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Right "To Their Faces," 16-Year-Old Greta Thunberg Tells Davos Elite Climate Crisis Their Fault

"Some people, some companies, some decision-makers in particular have known exactly what priceless values they have been sacrificing to make unimaginable amounts of money, and I think many of you here today belong to that group of people."

That awkward moment of silence when a teenager tells you you've set the planet on fire.

Sixteen-year-old climate activist Greta Thunberg just told a group of the elite gathered in Davos for the World Economic Forum—as they were seated just feet away from her—that they are among those directly responsible for the climate crisis.

"It takes deep courage to go to Davos and tell the masters-of-the-universe *to their faces* that they knowingly torched the planet in order to get filthy rich."
—Naomi Klein
Speaking Thursday before a panel that included U2 frontman Bono, former United Nations climate chief Christiana Figueres, acclaimed conservationist Jane Goodall, and panel host and billionaire Marc Benioff, Thunberg echoed themes from a video she created to share with Davos-goers.

"Some people say that that the climate crisis is something that we all have created. But that is not true—because if everyone is guilty, then no one is to blame. And someone is to blame," Thunberg said to the peope in the room. "Some people, some companies, some decision-makers in particular have known exactly what priceless values they have been sacrificing to make unimaginable amounts of money, and I think many of you here today belong to that group of people."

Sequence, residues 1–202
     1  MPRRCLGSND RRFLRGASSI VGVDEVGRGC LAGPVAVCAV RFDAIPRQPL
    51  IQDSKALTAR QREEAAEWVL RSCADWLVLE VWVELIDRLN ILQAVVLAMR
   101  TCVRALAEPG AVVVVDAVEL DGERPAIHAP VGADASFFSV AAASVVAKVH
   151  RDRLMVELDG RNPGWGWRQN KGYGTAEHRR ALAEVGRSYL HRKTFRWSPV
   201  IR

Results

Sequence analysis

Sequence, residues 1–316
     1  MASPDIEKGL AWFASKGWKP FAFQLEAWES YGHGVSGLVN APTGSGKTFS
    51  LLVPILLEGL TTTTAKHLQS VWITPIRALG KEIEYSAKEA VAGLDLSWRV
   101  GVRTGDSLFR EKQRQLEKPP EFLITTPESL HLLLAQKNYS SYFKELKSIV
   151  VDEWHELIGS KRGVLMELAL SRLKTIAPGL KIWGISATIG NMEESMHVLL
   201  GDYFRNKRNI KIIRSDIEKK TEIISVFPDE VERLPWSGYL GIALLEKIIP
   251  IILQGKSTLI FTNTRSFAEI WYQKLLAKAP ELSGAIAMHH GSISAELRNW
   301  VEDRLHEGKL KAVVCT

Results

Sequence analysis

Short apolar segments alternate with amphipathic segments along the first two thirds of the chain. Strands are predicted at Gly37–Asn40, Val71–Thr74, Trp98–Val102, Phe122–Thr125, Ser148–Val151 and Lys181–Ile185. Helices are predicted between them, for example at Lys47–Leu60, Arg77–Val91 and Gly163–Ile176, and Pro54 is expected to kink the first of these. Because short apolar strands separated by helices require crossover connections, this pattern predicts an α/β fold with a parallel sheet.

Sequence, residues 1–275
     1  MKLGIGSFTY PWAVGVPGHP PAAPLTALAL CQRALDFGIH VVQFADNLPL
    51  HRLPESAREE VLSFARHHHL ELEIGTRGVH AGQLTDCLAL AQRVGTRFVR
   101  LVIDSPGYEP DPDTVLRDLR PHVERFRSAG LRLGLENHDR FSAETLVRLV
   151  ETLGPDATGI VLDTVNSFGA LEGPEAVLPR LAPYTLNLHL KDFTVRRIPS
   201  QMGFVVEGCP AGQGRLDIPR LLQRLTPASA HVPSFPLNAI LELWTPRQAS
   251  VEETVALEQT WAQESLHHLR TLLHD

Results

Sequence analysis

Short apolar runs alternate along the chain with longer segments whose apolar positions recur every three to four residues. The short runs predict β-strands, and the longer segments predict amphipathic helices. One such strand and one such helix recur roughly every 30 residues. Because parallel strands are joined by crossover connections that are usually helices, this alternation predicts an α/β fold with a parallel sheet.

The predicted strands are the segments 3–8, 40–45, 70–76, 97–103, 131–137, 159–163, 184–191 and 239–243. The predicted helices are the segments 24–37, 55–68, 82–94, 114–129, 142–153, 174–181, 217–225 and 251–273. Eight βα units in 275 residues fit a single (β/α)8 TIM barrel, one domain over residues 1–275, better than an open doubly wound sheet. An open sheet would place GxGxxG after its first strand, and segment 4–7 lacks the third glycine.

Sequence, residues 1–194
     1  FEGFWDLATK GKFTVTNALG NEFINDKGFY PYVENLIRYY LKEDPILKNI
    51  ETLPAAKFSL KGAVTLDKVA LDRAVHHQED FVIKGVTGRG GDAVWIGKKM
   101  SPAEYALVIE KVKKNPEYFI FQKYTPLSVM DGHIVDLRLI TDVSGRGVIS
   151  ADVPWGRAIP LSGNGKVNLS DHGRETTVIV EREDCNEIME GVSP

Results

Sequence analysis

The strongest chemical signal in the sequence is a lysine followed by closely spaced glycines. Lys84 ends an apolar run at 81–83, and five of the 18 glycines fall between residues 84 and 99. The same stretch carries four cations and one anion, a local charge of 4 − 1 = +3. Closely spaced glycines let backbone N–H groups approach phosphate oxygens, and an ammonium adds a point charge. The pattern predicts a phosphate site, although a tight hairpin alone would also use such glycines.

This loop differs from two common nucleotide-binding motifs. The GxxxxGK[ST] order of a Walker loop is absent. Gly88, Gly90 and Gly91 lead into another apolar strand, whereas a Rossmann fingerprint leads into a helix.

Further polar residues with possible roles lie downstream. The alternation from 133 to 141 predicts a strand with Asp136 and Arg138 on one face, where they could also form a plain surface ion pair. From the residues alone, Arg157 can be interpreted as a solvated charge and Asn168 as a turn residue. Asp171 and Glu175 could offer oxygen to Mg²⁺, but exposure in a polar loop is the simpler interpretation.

Her statement was followed by silence until Bono began applauding. Other audience members and panelists then followed suit.

The teen activist shared the moment on Twitter:

Journalist and climate activist Naomi Klein applauded Thunberg's bravery, writing on Twitter: "It takes deep courage to go to Davos and tell the masters-of-the-universe *to their faces* that they knowingly torched the planet in order [to] get filthy rich."

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Speaking to CNN Business about the talk, Thunberg said, "It was pretty fun."

"I think it's very insane and weird that people come here in private jets to discuss climate change. It's not reasonable," Thunberg—who arrived at the gathering by train and has been sleeping in a tent—told the outlet.

Benioff also shared clips of some of the others on the panel speaking, including Goodall:

On Friday, the last day of the forum, Thunberg continued her criticism of the Davos attendees in an address that demanded action above all else from the world's so-called leaders. "I want you to act as you would in a crisis," she said. "I want you to act as if our house is on fire. Because it is."

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